STRUCTURE OF GOVERNMENT
ALTERNATIVES IN SUMMARY
(April 14, 2005)
The present Ashland City charter provides for a voter-elected Mayor who serves as the executive officer of the City. In this structure, considerable power is vested in the Mayor, who has oversight and authority over much of the administrative functions of the City. This includes, in consultation with the Council, the hiring and dismissal authority over the City Administrator, department heads and subordinate employees. The Mayor presides over Council meetings, votes only in case of a tie vote, and has veto authority. The Mayor appoints members to committees and commissions.
Ashland has a City Administrator who is responsible to the Mayor and Council to manage the administrative functions of the City to effectively deliver services to the citizens. The City Administrator has authority to hire and dismiss subordinate employees, but not department heads.
The City Council is composed of six (6) Councilors, each elected by the citizens, to establish City policies, adopt ordinances and to guide, in concert with the Mayor, the City Administrator in implementing such policies and ordinances. The Council approves the City budget, and with a two-thirds vote, may override a mayoral veto.
This alternative is based entirely on the Model Charter for Oregon Cities, created by the League of Oregon Cities in 2002, and which gives considerable power to the Council. In this alternative, the Mayor is elected by the citizens and serves as the political head of the City government. The Mayor appoints, with consent of the Council, members to committees and commissions, presides over Council meetings, votes with the Council and has no veto authority.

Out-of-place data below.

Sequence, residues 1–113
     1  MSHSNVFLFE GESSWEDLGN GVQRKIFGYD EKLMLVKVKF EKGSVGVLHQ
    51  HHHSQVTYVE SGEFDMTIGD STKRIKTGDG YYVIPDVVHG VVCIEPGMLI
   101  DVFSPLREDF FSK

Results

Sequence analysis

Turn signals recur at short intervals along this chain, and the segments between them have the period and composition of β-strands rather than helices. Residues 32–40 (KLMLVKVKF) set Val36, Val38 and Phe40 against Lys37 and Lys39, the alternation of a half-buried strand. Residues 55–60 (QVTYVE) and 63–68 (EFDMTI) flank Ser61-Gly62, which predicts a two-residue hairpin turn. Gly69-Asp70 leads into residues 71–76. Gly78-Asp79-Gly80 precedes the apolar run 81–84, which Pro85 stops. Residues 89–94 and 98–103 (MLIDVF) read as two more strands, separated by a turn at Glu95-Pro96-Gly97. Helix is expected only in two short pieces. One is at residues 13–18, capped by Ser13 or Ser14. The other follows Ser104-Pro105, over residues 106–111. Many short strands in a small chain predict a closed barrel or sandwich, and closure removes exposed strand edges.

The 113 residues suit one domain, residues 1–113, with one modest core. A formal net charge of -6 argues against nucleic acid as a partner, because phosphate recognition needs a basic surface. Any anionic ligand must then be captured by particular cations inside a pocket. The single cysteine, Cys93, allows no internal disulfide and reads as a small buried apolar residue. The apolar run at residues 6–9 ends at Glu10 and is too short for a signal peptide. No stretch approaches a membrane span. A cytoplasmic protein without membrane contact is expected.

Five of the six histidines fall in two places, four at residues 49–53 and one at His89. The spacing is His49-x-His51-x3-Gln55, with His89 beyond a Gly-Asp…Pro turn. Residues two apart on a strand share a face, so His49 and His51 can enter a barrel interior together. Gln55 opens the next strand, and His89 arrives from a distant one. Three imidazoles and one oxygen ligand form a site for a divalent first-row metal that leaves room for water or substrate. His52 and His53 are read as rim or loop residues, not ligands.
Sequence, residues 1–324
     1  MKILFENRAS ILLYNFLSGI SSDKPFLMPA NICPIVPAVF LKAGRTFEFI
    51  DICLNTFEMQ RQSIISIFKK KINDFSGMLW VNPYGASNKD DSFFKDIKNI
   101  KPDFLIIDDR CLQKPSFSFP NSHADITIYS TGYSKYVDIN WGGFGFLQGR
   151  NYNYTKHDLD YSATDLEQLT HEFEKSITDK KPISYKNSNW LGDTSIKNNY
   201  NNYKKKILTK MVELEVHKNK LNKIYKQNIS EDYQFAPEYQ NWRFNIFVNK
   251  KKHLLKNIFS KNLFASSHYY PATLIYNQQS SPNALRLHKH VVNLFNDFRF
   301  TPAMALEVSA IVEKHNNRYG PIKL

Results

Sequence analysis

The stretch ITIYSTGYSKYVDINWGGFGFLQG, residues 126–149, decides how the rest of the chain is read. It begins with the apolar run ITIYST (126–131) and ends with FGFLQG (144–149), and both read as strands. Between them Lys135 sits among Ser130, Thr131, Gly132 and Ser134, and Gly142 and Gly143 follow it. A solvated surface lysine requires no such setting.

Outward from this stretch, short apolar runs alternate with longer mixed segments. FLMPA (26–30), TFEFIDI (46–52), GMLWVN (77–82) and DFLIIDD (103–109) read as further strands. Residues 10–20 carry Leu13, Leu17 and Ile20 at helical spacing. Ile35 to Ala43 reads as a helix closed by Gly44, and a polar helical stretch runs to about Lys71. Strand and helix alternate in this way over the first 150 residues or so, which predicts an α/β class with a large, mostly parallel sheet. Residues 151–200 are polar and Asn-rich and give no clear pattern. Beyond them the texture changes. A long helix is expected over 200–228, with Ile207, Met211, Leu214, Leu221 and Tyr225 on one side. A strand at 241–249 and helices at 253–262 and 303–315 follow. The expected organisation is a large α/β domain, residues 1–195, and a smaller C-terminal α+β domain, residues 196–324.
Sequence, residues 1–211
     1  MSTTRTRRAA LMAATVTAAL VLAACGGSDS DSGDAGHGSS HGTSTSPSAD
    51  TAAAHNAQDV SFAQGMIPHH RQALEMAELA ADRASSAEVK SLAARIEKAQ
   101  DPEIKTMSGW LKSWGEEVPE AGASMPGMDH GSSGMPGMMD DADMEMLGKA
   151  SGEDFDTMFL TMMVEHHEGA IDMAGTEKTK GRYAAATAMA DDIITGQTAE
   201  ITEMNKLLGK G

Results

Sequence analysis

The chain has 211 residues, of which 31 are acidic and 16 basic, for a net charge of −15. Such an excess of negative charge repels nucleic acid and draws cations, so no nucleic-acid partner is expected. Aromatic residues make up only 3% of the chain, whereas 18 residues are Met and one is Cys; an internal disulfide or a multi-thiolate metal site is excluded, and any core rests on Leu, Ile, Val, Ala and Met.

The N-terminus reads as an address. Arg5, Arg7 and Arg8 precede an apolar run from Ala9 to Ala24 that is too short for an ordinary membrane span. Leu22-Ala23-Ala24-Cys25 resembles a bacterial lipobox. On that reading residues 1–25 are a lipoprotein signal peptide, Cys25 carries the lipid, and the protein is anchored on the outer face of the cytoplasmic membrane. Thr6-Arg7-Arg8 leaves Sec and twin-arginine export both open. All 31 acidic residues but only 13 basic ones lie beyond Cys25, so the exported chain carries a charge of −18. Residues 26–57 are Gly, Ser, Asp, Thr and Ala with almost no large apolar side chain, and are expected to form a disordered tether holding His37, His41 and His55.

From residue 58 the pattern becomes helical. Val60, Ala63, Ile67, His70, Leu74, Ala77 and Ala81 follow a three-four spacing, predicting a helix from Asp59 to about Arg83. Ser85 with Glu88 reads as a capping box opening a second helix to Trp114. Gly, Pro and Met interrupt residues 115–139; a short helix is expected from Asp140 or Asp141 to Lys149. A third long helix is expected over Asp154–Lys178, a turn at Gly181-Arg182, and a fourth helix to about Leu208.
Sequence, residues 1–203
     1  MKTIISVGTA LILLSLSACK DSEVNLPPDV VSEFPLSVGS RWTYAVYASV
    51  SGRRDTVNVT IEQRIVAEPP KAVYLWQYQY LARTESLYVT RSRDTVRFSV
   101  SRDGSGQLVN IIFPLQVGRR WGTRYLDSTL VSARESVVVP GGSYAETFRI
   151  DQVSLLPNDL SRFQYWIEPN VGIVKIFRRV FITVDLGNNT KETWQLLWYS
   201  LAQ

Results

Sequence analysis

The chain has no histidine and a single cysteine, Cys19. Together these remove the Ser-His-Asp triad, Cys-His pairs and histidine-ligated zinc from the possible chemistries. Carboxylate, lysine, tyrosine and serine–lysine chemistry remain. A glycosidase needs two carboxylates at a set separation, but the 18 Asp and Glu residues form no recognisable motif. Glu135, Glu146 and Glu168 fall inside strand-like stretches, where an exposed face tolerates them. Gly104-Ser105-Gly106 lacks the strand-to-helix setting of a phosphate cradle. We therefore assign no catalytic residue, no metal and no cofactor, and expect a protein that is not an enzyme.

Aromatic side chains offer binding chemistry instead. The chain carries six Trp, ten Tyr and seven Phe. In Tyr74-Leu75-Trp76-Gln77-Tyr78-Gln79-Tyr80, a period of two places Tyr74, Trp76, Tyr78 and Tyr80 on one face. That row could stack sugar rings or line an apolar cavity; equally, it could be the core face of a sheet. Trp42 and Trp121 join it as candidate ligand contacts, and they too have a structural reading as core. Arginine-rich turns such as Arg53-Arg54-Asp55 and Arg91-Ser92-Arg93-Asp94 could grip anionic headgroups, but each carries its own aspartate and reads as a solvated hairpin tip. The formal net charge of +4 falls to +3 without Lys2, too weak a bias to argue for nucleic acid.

This form of government provides for a City Manager who is hired (and dismissed) by the Council and who is the administrative head of he government. The Manager is responsible for all administrative functions of the City with authority to hire and dismiss all employees. Importantly, the Manager is responsible to the Council for the effective implementation of policies and ordinances established by the Council.
The Council is the legislative head of the government and much of the power in this structure is vested in the Council. The Council is composed of six (6) elected councilors and the Mayor, who is a voting member of the Council. The Council establishes policy and adopts ordinances and is responsible for the hiring, performance and, if necessary, dismissal of the City Manager, the City Attorney and Municipal Judge. The Council approves the City budget and approves the appointment of members to committees and commissions.
The hybrid structure establishes a Mayor-Council partnership, with a sharing of power and influence in establishing policy. A team arrangement consisting of the Mayor, Council and City Manager attempts to achieve a balance of responsibilities and authorities.
The Mayor is an elected official and serves as the political head of the City government. In concert with the Council, and with citizen input, he/she develops a vision for the City. The Mayor presides over Council meetings, votes in the event of a tie and has veto authority, and with Council consent, appoints members of committees and commissions.
This structure provides for a City Manager who serves as the administrative head of the City government and is responsible to the Mayor and Council for proper administration of all City business, including City utilities and property. The City Manager carries out the policies and ordinances established by the Council, and prepares and administers the City budget.
In this structure the Council, consisting of six (6) Councilors, is the legislative head of the City government. The Council appoints (and dismisses) the City Manager and City Attorney, approves the City Budget, maintains oversight of City operations and approves Mayor-appointments to committees and commissions.